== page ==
Meet Our Directors
Tom Burkhart, Director
Sarah Cline, Director
Jim Heitkemper, Director
Tami Kruer, Secretary/Treasurer
After working as a teacher and administrator for the Archdiocese of Indianapolis for 14 years, Tami Kruer joined the staff at the Clark County Soil and Water Conservation District in 1996. She continues to fill that role, along with the role of the Executive Director. It was through her work with the SWCD that Tami became involved in land trusts. She is a founding member of the George Roger’s Clark Land Trust. Tami serves the GRCLT Board of Directors as the Secretary and Treasurer. As a young girl, Tami enjoyed playing on her paternal grandmother’s farm in Floyds Knobs, IN. Her grandmother placed the farm in a trust to protect it from development, and Tami views her role with the land trust as a continued example of the passion for farmland preservation. Tami is a 1982 graduate of Indiana University Southeast. She and her husband, Tom, have two adult children and one grandson. She lives in the community of St. Joseph Hill, outside of Sellersburg, IN.
Pat Larr, President
Pat is a founding member of the George Rogers Clark Land Trust. She owns and operates a 257 acre farm in Scott County where she enjoys raising approximately 100 meat goats as well as other animals. She also enjoys working with crop land, forest, and wildlife on her farm where she applies first-hand the same conservation principles that she spent years helping others to implement as District Conservationist with the Natural Resources Conservation Service (NRCS). She retired in 2009 after 35 years of government service. Currently she serves as a supervisor with the Scott Co Soil and Water Conservation District and was recognized in 2016 as Scott County’s “River Friendly Farmer”. She is a 1976 graduate of Purdue University.
Michael Loudon, Vice-President
As a boy and teenager, Michael Loudon spent many summers making hay and plowing corn at the family farm near Blue River in Harrison County with his grandfather, Charles Julius Loudon. While he enjoyed it, he realized then that the work was hard and the profits small, so he vowed he would never spend his life as a farmer. After graduating from Washington HS and Wabash College, he finished his PhD in English and American Literature at SUNY—Buffalo where he married Maureen Robinson, a social worker.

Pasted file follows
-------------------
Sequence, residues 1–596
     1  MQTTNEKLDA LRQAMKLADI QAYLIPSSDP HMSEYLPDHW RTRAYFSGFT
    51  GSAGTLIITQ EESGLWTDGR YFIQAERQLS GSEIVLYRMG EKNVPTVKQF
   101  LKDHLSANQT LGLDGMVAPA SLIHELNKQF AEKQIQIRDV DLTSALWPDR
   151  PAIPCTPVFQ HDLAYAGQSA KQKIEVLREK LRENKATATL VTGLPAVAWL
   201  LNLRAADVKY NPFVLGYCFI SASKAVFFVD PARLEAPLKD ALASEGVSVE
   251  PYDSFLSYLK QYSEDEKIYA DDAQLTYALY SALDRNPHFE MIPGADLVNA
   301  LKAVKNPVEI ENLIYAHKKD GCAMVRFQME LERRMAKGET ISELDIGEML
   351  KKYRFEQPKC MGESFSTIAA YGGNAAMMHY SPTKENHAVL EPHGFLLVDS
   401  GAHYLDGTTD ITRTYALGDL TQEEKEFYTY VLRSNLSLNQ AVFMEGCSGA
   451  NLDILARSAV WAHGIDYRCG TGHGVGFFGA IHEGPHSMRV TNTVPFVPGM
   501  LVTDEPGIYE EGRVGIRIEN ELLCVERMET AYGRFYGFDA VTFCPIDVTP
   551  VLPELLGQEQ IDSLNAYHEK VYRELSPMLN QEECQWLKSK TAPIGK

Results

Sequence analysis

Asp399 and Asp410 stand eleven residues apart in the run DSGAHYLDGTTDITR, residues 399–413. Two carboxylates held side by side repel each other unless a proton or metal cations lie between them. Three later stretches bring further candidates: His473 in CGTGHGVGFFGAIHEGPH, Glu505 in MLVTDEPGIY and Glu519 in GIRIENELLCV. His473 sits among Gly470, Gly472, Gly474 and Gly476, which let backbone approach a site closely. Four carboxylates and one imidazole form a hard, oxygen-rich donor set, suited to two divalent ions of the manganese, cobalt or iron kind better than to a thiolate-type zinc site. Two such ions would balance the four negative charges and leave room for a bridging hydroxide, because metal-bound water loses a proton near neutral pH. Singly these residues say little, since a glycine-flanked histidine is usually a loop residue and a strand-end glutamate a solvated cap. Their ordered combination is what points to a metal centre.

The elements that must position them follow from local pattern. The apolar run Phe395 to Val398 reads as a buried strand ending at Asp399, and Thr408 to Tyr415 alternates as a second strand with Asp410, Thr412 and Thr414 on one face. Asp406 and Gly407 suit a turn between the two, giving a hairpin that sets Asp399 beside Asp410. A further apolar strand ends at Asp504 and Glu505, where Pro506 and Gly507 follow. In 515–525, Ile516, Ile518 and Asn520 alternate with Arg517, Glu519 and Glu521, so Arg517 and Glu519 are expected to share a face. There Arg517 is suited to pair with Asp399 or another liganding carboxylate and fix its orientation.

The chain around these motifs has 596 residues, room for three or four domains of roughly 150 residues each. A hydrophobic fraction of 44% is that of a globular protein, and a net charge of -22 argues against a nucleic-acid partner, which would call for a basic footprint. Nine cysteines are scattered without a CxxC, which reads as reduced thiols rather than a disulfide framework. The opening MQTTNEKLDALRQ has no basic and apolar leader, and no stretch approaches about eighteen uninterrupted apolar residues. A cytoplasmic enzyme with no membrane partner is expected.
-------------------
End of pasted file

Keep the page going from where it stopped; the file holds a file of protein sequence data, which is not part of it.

He taught at UNLV, Oklahoma and the College of Idaho before spending thirty years at Eastern Illinois University teaching English, philosophy and Africana Studies. In the summers, he helped his father, Carman Loudon, with his cattle operation on the farm, and, after his parents’ death, retired in 2014 to keep the farm, worked by Loudon’s since 1813, in the family. His son Brian, and his wife Paisley Rew, left teaching careers of ten years in Brooklyn, NY, to help him, and they live on the farm; his daughter Kate, a nurse, lives in on the farm. He has three young grandsons Soleil, Maddux, and Kaelen.
Rejuvenating the 200 acres of forest and pasture of Loudon Farms, and maintaining and expanding the herd of thirty cattle, is still hard work with little profit, but Michael and Brian have had mentoring from Roy Harmon, and have learned from many field days and workshops from Purdue extension, the Purdue Master Cattleman and Beginning Farmer programs, and NRCS. Michael continues academic pursuits through reading, writing, conferences and participation in the Black Church Studies program at the Louisville Presbyterian Theological Seminary, and he enjoys hunting, gardening and travel to South Africa and Sicily when time and money permit.
Inheriting a legacy for love of the land and the farm from his father, Michael attended George Rogers Clark Land Trust (GRCLT) meetings only to discover that his father had participated previously in GRCLT efforts to preserve farmlands. He now serves on the Boards of the GRCLT, and the Harrison County Cattlemen’s Association, and, despite his early vow never to farm, he is now doing exactly that: the work is still hard, the money still meager—and he loves it.
Jerry Roach, Director
Jennifer Knable Thompson, Director
Jennifer has been a member of the George Rogers Clark Land Trust since 2006. She and her husband own 100 acres in Perry County IN and manage a small cow/calf herd and 25 acres of woodland. She completed her studies in Natural Resources & Environmental Science and served as the USDA Natural Resources Conservation Service’s District Conservationist for Harrison, Floyd and Crawford counties from 2003 to 2010. Prior to this role she worked as an engineering technician and soil conservationist working across southern Indiana helping farmers implement practices to address soil erosion, water quality and management issues using agronomic and structural conservation measures on cropland, grassland, woodland & wetlands. She is eager to help farm owners who voluntarily want to protect their family farms from developmental pressures.
Jim Kleinstiver, long time board member, passed away recently. We continue our work in memory of him.